Friday, April 26, 2013

What’s in a Name? Part 1 – the Radish

By:  Julie Beem

The argument discussion rears its head every now and then, so I wasn’t surprised to see it come up again in an online group I belong to.  Someone in the group took offense over others in the group referring to their children with Reactive Attachment Disorder (RAD) as “radishes” or “radlets”.  Then others in the group took offense at being “shamed” because they were just referring casually to their children.  And a war of words ensued.

I’d like to offer some food for thought to everyone, regardless of your opinion. 

Friday, April 19, 2013

My Life May Not Be Perfect, But I’m Not Going to Complain About it Any More

By Gari Lister

Too many mornings this spring I have found myself waking up and saying, “My back hurts, I have a headache, I’m tired.”  And I can’t even count how often I have picked up the phone and vented about something big . . . or something small.  My kids refuse to eat their supplements, my youngest throws a fit (she’s 10), my husband eats the last strawberries . . .  you name it, I vent, I complain, I whine.  Or let me correct that: I vented, I complained, I whined.

Friday, April 12, 2013

A Therapeutic Top Ten List: Why Therapists Should Incorporate Parents into Therapy Sessions

ATN is delighted to welcome Carol Lozier as a guest voice on Touching Trauma at its Heart.  Carol, a member of ATN's Board of Directors, is a clinical social worker in private practice in Louisville, Kentucky.  Her website,, offers a blog, free downloadable tools for families, an excerpt of her book, and a supportive community of adoptive and foster parents.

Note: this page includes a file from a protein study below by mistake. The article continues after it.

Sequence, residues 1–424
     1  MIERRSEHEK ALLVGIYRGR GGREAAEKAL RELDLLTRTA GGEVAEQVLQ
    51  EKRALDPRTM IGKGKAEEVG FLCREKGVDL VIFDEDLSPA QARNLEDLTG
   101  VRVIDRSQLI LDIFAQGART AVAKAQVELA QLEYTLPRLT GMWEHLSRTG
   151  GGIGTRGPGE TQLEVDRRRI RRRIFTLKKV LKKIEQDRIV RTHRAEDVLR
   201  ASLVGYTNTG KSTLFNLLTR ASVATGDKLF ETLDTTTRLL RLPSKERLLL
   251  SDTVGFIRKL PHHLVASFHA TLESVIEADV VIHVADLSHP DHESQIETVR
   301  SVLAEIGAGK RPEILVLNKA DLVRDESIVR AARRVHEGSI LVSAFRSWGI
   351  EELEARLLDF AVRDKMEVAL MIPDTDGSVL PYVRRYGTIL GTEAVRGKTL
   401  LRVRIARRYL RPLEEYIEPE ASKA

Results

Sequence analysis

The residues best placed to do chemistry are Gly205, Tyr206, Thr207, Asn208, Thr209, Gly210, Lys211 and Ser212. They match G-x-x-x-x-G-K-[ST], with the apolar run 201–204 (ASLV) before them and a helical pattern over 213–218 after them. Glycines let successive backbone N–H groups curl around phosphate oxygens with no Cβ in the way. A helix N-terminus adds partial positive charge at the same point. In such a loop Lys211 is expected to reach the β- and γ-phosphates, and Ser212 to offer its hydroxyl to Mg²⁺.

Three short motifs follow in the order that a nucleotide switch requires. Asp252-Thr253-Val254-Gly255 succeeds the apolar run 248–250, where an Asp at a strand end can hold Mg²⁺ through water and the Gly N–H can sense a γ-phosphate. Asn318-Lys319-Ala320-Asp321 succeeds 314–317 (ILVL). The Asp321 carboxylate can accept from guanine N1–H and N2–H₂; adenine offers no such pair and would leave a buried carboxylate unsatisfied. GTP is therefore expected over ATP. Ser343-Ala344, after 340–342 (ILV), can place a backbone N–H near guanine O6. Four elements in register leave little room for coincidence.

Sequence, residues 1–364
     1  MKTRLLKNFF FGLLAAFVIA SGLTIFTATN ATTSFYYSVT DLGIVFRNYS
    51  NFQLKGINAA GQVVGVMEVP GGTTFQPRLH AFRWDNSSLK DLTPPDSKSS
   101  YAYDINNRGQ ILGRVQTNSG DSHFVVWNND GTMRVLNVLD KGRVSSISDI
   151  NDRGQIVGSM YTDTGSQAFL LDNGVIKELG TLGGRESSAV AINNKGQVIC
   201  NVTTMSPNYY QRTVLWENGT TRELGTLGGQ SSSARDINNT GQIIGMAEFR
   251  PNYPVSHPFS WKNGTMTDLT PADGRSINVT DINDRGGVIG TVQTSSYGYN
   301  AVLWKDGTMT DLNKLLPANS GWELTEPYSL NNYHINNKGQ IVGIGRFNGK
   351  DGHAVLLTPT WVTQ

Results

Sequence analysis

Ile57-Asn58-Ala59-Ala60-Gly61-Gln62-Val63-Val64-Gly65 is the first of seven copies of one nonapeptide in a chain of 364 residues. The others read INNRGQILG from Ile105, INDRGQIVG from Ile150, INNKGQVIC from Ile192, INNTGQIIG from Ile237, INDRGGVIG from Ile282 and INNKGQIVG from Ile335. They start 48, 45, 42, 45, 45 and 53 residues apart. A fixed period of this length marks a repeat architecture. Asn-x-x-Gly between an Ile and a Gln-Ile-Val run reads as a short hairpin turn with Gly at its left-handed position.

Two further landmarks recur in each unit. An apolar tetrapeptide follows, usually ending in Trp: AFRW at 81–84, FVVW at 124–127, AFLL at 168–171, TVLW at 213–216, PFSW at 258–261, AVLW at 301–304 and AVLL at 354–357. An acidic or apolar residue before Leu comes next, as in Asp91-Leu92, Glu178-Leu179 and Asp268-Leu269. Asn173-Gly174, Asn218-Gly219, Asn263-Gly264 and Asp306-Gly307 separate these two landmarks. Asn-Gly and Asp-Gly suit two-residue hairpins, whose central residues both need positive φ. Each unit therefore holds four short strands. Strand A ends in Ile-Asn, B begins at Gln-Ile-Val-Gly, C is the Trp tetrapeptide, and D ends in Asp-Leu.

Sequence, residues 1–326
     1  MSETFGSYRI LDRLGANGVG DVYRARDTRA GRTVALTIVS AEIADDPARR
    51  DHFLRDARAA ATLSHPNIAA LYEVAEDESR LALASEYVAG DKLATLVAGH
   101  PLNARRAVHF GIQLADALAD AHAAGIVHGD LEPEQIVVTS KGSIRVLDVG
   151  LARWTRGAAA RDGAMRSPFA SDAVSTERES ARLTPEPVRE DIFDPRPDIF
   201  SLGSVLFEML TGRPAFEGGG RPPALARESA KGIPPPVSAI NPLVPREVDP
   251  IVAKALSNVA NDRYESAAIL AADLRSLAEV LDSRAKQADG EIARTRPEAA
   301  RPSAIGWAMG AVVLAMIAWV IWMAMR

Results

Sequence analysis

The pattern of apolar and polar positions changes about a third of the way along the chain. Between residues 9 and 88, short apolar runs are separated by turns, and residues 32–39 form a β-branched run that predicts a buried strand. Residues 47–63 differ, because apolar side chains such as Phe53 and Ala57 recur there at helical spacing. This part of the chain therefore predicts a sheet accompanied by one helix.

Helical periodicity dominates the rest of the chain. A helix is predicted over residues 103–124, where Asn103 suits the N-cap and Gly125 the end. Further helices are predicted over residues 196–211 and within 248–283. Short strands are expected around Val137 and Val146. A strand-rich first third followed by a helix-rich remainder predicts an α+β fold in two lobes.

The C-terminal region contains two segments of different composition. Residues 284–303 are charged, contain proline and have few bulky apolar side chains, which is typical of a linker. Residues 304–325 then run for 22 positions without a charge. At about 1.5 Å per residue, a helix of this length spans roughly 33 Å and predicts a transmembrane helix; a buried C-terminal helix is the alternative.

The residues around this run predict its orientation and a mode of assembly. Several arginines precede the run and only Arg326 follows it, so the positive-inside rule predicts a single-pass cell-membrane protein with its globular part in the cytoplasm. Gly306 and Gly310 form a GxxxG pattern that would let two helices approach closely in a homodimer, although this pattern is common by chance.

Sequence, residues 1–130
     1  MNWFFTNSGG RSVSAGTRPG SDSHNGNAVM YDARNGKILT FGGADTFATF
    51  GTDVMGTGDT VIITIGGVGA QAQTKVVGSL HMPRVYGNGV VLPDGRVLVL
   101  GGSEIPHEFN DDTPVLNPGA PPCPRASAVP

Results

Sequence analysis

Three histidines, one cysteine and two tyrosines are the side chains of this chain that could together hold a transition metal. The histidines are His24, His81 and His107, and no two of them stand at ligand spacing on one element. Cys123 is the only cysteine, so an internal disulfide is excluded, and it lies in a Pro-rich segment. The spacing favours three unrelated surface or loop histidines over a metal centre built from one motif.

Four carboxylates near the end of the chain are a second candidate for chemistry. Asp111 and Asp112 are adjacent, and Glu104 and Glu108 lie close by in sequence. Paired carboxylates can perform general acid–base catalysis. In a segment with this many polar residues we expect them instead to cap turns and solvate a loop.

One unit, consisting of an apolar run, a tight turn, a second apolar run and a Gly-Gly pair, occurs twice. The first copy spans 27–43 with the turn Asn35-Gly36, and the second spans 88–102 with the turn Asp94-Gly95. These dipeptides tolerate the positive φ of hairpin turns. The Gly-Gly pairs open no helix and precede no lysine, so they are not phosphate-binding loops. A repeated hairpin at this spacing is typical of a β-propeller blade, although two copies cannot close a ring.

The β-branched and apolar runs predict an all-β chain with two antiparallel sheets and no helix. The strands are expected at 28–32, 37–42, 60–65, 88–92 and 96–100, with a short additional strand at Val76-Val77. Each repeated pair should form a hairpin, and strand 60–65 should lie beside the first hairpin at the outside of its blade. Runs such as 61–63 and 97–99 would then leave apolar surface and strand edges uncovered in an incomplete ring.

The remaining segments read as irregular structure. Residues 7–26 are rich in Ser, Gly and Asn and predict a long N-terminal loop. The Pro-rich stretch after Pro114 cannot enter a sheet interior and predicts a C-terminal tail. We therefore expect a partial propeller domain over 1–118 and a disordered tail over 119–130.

Today’s post is written to my colleagues -- therapists who work with adopted or foster children and their families.  In educational workshops parents are instructed:  Remain in the room during your child’s psychotherapy. Yet, most therapists are trained to do the opposite.   Most therapists meet with the parents and child separately, and then work with both parties together for a short time. While this practice is commonplace, it is not optimal for adoptive or foster families.

A long time ago, I decided to keep parents in the session.  At first, it did feel odd but not only have I become accustomed to it, I prefer it. So with that in mind, here are my top ten reasons therapists should incorporate parents into their child’s session:

Tuesday, April 9, 2013

Shake Off the Bad Mood

By Gari Lister

This morning I started off my day with a cascade of nastiness from my usually reasonably-fun-to-be-around fifth grader.  “I’m not going to eat those pills.  Are you serious?  Is that what we’re having for breakfast?  Well, of course, we’re going to be late because of her [the sweeter younger sister].”  First, I spent a moment thanking my yoga teacher for helping me to understand equanimity. 

Thursday, April 4, 2013

The Third World of Mental Health Care

By Marc Deprey

This Sunday, my daughter was given a new regime of meds to address her increased oppositional and violent behavior.  Unfortunately, the wrong drug was written on her prescription and between that drug and all the other changes made she went into a severe manic episode. Over two days she just got worse and worse. By Monday night she was seeing things that weren’t there, trying to jump out of her window, screaming, and trashing her room.

Tuesday, April 2, 2013

Grace . . . fully

By Julie Beem
When she looked at me, her eyes were filling with tears.  She had just heard me say, and expound upon, the idea of reviewing your therapeutic parenting responses at the end of the day to see where you had done well and where things had not gone so well.  “Just like professional athletes,” I advised, “we need to review those game tapes every day, learning from what worked and what didn’t.”